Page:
The millennial generation is the population that is really pushing for its decriminalization. Many younger citizens see the positive effects of the drug as far outweighing the negative.
“It mellows me out and I don’t find a lot of drama attached to is versus with alcohol,” said Kelvin Obioha. “The only downside is, of course, the illegal aspect. If it were legal it’d be much easier for everyone. I think more places should legalize it.”
One of the hesitations for passing the law was the lack of information on how weed impairs driving skills. A federal study was done by the National Institute on Drug Abuse recently that tested drivers’ skills who were high in comparison to those who were drunk. The study included 18 participants from the ages of 21 to 37 and placed them in a driving simulator. Each time, the participants were tested under different concentrations of the drug, alcohol, both, or none at all. In the simulation, researchers looked at the number of times the driver would weave within the lane, how many times the car would leave their lane, and the speed with which the cars were weaving.
From this study, it was found that even though alcohol had a significant impact on the drivers, marijuana did not. While the drug did display a slight increase in weaving, it was similar to the same amount as a driver with the legal limit, .08, breath alcohol concentration.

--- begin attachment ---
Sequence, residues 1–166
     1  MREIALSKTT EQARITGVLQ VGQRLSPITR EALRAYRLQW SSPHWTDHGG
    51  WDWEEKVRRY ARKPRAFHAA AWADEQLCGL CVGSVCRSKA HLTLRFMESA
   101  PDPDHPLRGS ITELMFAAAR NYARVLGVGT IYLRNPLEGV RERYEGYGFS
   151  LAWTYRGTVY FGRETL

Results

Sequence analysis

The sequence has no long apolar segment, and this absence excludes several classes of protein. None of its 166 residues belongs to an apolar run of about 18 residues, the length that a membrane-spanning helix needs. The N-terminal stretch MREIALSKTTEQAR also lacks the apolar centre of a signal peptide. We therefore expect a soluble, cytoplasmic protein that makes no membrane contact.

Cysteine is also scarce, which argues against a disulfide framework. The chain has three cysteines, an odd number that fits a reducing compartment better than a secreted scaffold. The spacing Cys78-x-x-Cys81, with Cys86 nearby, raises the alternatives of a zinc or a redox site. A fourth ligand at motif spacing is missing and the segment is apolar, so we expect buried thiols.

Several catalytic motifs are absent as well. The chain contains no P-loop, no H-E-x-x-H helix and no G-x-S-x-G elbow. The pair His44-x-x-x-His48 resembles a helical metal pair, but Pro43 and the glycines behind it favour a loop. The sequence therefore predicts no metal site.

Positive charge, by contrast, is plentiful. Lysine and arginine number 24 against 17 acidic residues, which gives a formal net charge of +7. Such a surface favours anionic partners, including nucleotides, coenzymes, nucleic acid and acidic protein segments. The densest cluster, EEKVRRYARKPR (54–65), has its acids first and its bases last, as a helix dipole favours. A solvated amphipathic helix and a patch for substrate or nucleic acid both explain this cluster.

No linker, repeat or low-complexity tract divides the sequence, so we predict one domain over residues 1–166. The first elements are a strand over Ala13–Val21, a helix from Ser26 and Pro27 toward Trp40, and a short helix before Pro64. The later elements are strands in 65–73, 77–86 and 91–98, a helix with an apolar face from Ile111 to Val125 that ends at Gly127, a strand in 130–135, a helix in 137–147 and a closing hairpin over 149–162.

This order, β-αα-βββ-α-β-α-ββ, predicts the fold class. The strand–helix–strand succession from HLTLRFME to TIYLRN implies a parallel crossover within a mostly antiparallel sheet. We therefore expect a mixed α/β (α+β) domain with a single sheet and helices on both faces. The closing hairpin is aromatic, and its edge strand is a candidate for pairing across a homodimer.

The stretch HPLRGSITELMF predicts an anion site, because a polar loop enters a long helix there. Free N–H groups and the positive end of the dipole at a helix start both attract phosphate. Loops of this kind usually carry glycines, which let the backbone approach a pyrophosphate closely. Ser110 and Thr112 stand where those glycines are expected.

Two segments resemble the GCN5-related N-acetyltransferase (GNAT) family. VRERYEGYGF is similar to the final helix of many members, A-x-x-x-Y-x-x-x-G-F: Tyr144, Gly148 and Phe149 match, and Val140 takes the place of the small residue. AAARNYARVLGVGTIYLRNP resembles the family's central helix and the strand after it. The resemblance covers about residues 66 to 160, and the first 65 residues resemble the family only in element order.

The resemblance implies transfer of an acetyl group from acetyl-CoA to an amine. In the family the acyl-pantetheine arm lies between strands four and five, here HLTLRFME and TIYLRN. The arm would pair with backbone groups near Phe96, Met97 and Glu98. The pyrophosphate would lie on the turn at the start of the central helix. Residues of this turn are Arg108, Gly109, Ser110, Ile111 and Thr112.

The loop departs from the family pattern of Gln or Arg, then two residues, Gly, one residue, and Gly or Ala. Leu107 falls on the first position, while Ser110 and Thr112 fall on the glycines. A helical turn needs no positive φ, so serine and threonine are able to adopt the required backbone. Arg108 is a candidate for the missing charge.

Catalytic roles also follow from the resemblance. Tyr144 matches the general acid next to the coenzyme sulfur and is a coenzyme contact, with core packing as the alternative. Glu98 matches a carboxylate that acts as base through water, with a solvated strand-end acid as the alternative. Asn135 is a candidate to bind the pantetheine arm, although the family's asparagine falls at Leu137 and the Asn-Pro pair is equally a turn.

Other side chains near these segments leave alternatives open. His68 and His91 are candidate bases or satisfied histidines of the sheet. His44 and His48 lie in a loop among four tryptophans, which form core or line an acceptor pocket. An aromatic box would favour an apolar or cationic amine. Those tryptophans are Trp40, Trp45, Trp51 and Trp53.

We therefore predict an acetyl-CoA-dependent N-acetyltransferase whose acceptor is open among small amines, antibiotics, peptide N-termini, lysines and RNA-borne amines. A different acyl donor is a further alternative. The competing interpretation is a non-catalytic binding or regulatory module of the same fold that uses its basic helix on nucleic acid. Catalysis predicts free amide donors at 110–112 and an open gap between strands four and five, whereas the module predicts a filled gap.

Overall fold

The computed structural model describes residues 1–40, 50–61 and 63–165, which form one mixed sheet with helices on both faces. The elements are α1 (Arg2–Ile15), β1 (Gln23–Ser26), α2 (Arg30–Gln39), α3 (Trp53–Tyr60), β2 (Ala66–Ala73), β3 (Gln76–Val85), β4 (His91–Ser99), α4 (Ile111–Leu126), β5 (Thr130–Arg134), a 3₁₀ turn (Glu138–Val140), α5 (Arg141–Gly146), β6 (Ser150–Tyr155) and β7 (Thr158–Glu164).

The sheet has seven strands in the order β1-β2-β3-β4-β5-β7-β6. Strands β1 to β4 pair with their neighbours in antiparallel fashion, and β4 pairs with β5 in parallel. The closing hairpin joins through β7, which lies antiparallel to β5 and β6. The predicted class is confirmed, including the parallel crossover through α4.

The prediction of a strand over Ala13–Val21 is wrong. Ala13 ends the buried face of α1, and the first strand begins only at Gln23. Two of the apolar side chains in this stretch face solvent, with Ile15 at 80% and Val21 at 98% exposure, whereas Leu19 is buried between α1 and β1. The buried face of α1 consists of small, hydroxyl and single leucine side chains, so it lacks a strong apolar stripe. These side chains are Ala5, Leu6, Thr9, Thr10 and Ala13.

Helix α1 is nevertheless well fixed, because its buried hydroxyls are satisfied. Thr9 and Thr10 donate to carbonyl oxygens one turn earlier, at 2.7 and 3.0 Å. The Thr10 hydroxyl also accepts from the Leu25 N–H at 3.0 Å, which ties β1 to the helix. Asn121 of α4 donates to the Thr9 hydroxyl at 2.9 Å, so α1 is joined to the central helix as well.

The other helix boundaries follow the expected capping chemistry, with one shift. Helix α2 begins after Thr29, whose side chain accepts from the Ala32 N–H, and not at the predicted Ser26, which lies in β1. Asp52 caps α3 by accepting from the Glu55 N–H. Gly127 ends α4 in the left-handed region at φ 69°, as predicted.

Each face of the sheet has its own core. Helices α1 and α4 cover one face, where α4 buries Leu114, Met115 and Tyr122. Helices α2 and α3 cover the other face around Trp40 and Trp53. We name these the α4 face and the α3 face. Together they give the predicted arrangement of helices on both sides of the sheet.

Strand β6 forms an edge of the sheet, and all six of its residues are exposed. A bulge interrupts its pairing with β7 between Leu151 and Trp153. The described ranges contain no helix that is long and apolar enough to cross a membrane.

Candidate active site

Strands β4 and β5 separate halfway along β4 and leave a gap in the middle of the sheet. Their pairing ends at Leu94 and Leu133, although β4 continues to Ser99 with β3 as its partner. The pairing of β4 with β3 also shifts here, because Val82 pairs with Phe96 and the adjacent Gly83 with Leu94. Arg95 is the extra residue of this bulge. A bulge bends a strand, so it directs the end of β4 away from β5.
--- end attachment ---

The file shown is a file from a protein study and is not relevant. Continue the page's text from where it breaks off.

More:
Another factor to consider in the study was that the THC level drops much faster than a person’s BAC which means that toward the end of their driving, the drug would be less influential on their skills. However, one area that the study found a deficiency in was peripheral vision. The effect of this, though, researchers said, was it caused the drivers to actually driver more cautiously because they were aware of the impairment as opposed to drivers under the influence of alcohol who don’t realize how significantly they are impaired and take greater risks.
Another positive that people have been promoting is the economic benefits of legalizing weed. Not only would the drug be helpful in a medical sense, but it would also give a boost to our economy.